At 6:56 pm inside a warehouse for phytosanitary products assigned an upper-tier Seveso classification, the activation of a foam-based automatic extinction system installed in a 1,000-m² cell brought fire-fighters to the scene 44 min later. By the time responders arrived, the foam had filled the cell and hit the 10-m high ceiling.
A team of 3 fire-fighters wearing self-breathing apparatuses entered an adjoining room to verify that the fire doors were indeed closed. As they progressed, all physical and radio contact was lost with one of them, a 46-year-old, experienced female officer (lieutenant rank). The victim was found in a comatose state without her breathing device and detached from her lifeline. During her evacuation, another responder slightly injured his hand. The mayor, local police, Prefect and inspection authorities all visited the site.
The pump on the foam injection system malfunctioned due to overuse, given that both the water and emulsifier reserves had been depleted. When opening the doors to a utility room, the foam engulfed the site’s exterior zones over a height ranging from 50 to 150 cm. Liquid effluent remained confined in the cell and on the parking lot.
The comatose victim died 3 days later; her emergency response equipment (suit, mask, cord) was seized by the court for investigation and the foam was analysed. The persistence of this foam inside the building for several days interfered with the forensics investigations ordered by the court. An inspection of the targeted cell, made accessible a few days later, did not reveal any evidence of a fire outbreak, and the hypothesis of an untimely triggering of the fire detection system subsequent to a short-circuit was deemed the most plausible. Damage and production losses amounted to a combined €750,000.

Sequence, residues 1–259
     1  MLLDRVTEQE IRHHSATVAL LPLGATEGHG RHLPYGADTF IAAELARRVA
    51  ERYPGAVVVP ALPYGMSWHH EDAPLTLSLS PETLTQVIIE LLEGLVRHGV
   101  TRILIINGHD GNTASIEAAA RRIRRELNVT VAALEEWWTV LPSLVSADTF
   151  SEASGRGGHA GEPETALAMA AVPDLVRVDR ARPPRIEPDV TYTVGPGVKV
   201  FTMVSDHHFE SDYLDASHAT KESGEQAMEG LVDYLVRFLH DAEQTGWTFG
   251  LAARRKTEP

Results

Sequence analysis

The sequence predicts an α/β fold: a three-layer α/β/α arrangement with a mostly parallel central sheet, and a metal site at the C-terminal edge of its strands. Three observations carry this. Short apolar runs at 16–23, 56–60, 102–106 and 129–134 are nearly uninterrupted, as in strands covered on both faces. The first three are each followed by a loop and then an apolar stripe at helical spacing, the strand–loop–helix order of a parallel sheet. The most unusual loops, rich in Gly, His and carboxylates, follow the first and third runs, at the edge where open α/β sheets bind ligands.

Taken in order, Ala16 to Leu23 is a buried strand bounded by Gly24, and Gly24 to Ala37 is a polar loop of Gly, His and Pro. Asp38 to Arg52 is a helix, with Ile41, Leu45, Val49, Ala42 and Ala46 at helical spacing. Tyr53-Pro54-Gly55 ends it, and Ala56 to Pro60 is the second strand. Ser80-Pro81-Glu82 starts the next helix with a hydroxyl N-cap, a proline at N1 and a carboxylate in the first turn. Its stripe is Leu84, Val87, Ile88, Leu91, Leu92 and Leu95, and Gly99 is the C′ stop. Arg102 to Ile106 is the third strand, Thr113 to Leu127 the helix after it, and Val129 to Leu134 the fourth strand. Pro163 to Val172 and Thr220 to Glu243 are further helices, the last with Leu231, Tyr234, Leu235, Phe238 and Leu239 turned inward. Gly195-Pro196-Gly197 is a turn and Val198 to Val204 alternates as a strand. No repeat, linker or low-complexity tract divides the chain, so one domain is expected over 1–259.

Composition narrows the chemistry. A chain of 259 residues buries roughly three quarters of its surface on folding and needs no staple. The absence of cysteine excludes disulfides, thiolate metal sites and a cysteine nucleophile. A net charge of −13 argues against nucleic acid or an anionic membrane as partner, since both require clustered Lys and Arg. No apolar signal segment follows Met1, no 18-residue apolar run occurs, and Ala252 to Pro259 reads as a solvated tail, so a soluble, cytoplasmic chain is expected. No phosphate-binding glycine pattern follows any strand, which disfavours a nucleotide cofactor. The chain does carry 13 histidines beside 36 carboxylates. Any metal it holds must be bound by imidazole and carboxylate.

An autopsy of the victim confirmed death by asphyxiation. The judicial expert’s report indicated that the foam was of an abnormally compact and sticky texture (like cottage cheese), requiring the trio of responders to consume far more air with their breathing apparatus, along with a breach in the seal of their masks, which slid down their faces. Given the foam’s density, the victim had no visual contact and was unable to communicate with her two colleagues. She had lost contact with her immediate partner due to the fact that the personal connecting cord had been attached to the karabiner on the partner’s backpack, while it should have been via the belt. When her fellow responders decided to turn back, owing to a lack of air in their self-breathing devices, they removed their backpacks leaving the victim alone, disoriented, short of air and unaware of their decision. Only a single event with bodily injury subsequent to activation of an automatic extinction system had, until that time, been recorded in the ARIA base (ARIA 26999).